Finally, to answer your last message, I believe that winning percentage is relatively the same between swing trading and day trading approaches, for the simple fact that most traders use the same technical analysis approach on all time frames, whether it is a 5min chart or weekly chart. But if you don't, then they won't be the same of course; this is dependent on your trading system, different approach, different system.
But risk/reward ratio is one factor that more often than not is radically different between swing and day trading. This is also very dependent on your particular instrument, how it trends, how volatile it is, how it get swayed by news and rumours all over the day, and so on... and of course how strong of a trader your are to manage your feelings.
As a general rule, I've mostly seen swing traders targeting 1:3 to 1:4 risk/reward ratios, while day traders are very often happy with just a 1:1 to 1:2 ratios.
Your broker will definitely be happier with you day trading, and attempting a 1000+ trade per year he would score high on commissions!
Do not confuse winning percentage with risk/reward; the first is if you take 10 trades and you win 6, lose 4 you get a winning percentage of 60%; while the second is if you lose 200$ per trade on average and you gain 600$ per trade on average, then you have a 1:3 ratio.
Let's do the calculation on this example just for fun; you lost 4 trades each at 200$ and you won 6 trades each at 600$ for a total profit of course of $2,800. The other way of calculating this is: Profit = 10 x (60% x 600$ - 40% x 200) = $2,800.
Successful people will do what unsuccessful people won't or can't do!
Last edited by Fadi; August 14th, 2013 at 03:39 AM.
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I've always been in favor of trading 1% or less per trade.
If you're asking the question you're probably new to trading. I'd suggest if you're day-trading risk 100 dollars per trade or .1%. This way if you take 5 trades in a day you'll only be down 500 dollars (about .5%) which will give you a sufficient feel for the emotion of making or losing money with minimum overall impact to your account at the moment. After you make a few thousand dollars with 100 dollar trades I'd suggest to gradually increase to trading no more than a max of 1% of your account on any given trade. This strategy will maximize the longevity of your career while minimizing the overall impact of the potential loss of an edge. Making money should be the least of your concerns until you can prove consistency. Good luck and remember to have fun without letting the market make you come undone.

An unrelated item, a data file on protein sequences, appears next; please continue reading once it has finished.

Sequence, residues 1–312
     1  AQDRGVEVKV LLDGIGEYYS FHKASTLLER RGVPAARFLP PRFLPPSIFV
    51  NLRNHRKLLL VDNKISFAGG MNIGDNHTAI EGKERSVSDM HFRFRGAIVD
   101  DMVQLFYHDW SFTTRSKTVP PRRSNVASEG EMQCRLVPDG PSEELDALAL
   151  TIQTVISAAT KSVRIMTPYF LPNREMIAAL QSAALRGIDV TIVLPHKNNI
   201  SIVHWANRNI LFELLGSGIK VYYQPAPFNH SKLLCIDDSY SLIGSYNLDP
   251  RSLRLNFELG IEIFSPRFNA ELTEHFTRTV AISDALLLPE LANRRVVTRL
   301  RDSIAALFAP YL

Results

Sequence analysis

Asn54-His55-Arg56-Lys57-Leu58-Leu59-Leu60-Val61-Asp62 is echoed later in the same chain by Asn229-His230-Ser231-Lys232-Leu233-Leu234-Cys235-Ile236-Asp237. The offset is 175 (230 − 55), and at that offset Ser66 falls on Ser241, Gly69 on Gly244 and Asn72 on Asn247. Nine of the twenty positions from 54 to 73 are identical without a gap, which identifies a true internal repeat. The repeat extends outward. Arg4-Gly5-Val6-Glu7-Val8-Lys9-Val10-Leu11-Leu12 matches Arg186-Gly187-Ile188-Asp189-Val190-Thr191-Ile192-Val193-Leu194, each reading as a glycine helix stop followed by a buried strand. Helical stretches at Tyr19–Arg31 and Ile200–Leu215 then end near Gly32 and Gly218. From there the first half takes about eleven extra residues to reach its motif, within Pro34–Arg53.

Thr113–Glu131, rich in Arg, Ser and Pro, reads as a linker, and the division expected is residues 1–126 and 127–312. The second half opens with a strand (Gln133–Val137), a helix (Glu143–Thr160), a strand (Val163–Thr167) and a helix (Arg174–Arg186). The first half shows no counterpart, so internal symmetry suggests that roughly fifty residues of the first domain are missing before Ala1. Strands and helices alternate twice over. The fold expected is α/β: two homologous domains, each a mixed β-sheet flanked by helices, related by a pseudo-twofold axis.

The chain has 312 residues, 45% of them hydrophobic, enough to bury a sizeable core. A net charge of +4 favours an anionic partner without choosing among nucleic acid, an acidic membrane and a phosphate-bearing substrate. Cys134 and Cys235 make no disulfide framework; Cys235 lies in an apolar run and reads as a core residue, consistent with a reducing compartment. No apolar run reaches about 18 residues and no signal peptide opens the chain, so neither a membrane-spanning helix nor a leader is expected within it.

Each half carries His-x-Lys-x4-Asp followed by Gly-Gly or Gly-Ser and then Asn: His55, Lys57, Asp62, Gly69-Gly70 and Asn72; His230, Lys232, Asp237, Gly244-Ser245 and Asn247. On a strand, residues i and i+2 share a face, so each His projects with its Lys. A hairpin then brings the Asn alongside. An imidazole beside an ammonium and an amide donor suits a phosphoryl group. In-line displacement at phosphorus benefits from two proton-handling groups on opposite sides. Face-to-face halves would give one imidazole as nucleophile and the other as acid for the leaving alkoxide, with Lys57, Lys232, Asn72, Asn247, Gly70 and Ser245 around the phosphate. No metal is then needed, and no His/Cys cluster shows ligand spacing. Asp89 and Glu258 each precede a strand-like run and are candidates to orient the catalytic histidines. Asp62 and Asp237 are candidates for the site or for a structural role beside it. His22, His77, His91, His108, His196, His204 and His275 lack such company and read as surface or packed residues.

Last edited by Itchymoku; August 14th, 2013 at 05:33 AM.
First - I can subscribe to the math @Fadi has mentioned above.
There are so many other factors in trading that we can not put in one box!
a) The risk percentage
Taking a total capital of 500K (house, car, valuables etc.) and putting up a trading account of
30K as an example - you would "risk" 300 per trade when your risk is 1% per trade...
Now you can lose this 300... so what? But if you win... and your ratio is 1:3 - you get 900.
How much has this micro trade brought to your total balance? Nothing at all - it has not
even paid back for the trading costs and hours you had to put in before the first trade.
Sidenote: If you are going to the casino do you normally take ALL your capital with you?
b) The multiplier
You may trade the ES. There are so many instruments from the derivates up the the future
itself - Depending on broker and instrument you can gain or lose very differently on
every point the index is moving. With a higher multiplier your account may grow faster or
like in most of the cases shrink drastically fast.
So for the beginner it is recommended to take the instrument with a low multiplier and to
push that multiplier up when the trades are consistently positive.
c) Different lot size
If you are used to scale in and to scale out and you are investing from 1 to x lots you are
totally not aware on how much every given trade has resulted - you can not "cross-check" your
trading plan. My approach is to journal 1 lot per investment and to compare end of
the week how my trading plan worked. I may go with more lots - even with different size -
and the final result can be seen in the statement. The most important however is to see
if my trading plan brings consistent results which are easily to be compared in every period
back when only looking at 1 lot.
- Trade on SIM first until consistency (best with always 1 lot)
- Optimize your trading plan
- Omit weekdays with negative or poor results (check your statistics)
- Optimize your SL settings
- Take higher multiplier and/or higher risk percentage if everything above works fine in real trading